Review of Monstress, Volume Two
Determined to discover more about her mother, herself, and the monstrous entity sharing her body, Maika Halfwolf enlists help in order to sail to the Isle of Bones. Apparently, her mother gained knowledge and had a transformative encounter there, and Mariko intends to see for herself what waits on the cursed island.
With luck, she’ll discover the importance of the relic from the Shaman-Empress in her possession and why everyone from the Inquisitor Witches to the immortal Acanics and the Blood Queen all want to find her. Meanwhile, the Dawn and Dusk Courts and the Federation all position themselves to take advantage of the chaos brought about by Maika’s search and the horrific carnage the monster can cause. The deeper into her search she progresses, the more Maika questions not only the motivations of her mother but also what it is she really hopes to find from her endeavor.
This volume does a fine job of continuing with the story and character motivations from the first volume. The witch-nuns are absent, and for a significant portion of the story, there isn’t a strong antagonist to help shape the plot. Maika’s aggression and frequent lack of tact do, however, help set up Ren and Kippa as her foils and sidekicks.
The dynamic between them is interesting because they are often uneasy allies and at some level all using one another. A lot of the side-characters are interesting but lack the dynamic energy Maika brings to her storyline. The inclusion of Rohar the Blood Fox helps the later issues because he and Maika both despise each other, but each has something the other desires. It is a standard narrative development, but it works wonders for generating antagonism and tension in the latter parts of the volume.
What makes Maika compelling is how frequently she is her own obstacle. She knows she needs help to learn about her mother and reach the Isle of Bones, but she alienates nearly everyone she comes across. Her deepest desire is to know her mother and gain the woman’s approval or some measure of validation, but since Moriko is long dead, that desire can never be fulfilled, meaning Maika dooms herself to disappointment and only works to estrange and embitter herself in a quest that cannot fulfill her.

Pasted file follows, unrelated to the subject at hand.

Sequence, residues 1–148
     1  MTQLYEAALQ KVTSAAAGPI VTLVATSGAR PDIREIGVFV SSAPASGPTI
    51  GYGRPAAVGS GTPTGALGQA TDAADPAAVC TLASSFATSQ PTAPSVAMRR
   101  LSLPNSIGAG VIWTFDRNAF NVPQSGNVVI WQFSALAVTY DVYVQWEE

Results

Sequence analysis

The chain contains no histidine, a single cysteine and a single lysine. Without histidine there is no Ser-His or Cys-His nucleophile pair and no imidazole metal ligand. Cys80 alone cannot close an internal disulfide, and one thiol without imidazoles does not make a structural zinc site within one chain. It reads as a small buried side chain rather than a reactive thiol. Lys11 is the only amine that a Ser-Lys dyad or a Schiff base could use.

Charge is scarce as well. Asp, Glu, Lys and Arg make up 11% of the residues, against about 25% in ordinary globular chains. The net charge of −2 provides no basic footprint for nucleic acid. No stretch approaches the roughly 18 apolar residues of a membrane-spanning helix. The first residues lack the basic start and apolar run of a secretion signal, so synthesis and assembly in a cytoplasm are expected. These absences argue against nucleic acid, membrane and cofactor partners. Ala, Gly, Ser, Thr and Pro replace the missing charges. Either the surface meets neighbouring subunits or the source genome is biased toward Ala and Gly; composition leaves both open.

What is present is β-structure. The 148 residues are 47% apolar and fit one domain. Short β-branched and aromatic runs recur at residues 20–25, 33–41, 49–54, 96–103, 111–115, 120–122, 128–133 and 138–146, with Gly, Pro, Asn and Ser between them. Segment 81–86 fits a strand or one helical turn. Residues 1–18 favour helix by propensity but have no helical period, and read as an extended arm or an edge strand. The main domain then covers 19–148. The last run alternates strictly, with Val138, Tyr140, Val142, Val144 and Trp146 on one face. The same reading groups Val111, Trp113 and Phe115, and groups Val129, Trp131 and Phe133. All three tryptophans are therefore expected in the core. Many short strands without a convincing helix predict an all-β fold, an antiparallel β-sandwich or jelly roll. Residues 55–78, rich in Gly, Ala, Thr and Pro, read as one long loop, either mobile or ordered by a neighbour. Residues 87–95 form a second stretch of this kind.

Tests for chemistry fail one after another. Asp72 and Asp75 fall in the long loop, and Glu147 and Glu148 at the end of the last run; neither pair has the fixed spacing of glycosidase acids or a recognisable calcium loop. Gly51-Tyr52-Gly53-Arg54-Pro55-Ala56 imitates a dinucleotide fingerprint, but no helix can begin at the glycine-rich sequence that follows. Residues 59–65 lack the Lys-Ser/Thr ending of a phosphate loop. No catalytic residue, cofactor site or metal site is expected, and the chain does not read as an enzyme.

Additionally, there is the monster that lives inside her, compelling her to feed on other creatures, and if Maika cannot discover the secrets of the Shaman-Empress and her mask, the monster will consume her as well. This theme of predation and feeding continues from what was established in the prior volume, Awakening.
Readers learn more about the world and see some the scheming of others, though it’s hard to feel much for these asides because they lack the urgency and personal connection found in Maika’s arc. There are some interesting revelations regarding Dusk and Dawn Courts, but the effects will have to be realized later once Maika reenters their spheres of influence. Also, one would think these various authorities would stop sending minions to try to detain or command Maika because it always ends horrifically.
While learning more about the world, readers also learn more about the monstrous creatures that once threatened it, specifically the one inside Maika. For those who prefer their devouring cosmic horrors unknowable, this development will come as a disappointment.
There is plenty to be gained by learning about the monster, as it is both vicious and intriguing, but there is a great risk in showing too much. As with any worthwhile monster, much of its power is in what is hidden. Developing it in a particular way can grant a new angle to the story and reveal new facets of the other plot points, but there remains the potential to ruin the monster’s mystery and turn it into something mundane.
It's in the Blood
Takeda’s art remains stellar, giving richness to the story through the details of the characters and environment. Arcanics, monsters, ghosts, Rift Hounds, and the Ferryman are all fully and often horrifyingly realized, which makes them easier to believe in as characters living in the world. Thyria and the Isle of Bones are rendered as both real and fantastical.
Monstress continues to be an amazing series that establishes an evocative and unique world with a grim tone. Start with the first volume, but Monstress is not to be missed.
Liu, Majorie; Takeda, Sana. Monstress, Vol. 2: The Blood. Image, 2017.
© 2018 Seth Tomko